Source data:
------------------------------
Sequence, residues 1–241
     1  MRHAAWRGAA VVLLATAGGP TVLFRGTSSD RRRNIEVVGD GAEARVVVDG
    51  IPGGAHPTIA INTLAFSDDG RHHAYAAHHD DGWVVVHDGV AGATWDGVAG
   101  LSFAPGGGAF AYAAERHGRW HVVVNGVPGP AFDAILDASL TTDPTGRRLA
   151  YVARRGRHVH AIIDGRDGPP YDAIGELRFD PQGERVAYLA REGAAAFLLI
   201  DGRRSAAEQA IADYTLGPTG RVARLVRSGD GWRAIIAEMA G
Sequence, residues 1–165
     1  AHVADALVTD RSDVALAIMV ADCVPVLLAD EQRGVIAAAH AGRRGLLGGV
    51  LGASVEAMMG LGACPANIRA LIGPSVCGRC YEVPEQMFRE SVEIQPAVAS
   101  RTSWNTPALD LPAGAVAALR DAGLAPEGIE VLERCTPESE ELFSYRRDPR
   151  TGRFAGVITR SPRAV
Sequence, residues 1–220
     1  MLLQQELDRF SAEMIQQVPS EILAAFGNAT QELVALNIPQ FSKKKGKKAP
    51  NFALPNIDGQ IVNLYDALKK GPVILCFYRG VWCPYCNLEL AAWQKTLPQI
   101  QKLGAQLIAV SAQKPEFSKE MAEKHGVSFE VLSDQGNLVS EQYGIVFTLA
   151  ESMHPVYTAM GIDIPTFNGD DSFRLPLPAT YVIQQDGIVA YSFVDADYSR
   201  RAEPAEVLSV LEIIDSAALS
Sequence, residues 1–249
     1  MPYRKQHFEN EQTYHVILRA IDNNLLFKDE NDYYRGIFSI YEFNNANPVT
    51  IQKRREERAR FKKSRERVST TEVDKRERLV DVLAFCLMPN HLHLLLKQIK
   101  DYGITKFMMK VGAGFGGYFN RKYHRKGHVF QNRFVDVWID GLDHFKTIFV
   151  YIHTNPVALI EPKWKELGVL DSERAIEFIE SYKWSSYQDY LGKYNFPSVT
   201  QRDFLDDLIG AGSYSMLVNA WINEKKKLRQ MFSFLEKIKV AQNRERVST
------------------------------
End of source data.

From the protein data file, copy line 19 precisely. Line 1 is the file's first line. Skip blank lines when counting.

     1  MPYRKQHFEN EQTYHVILRA IDNNLLFKDE NDYYRGIFSI YEFNNANPVT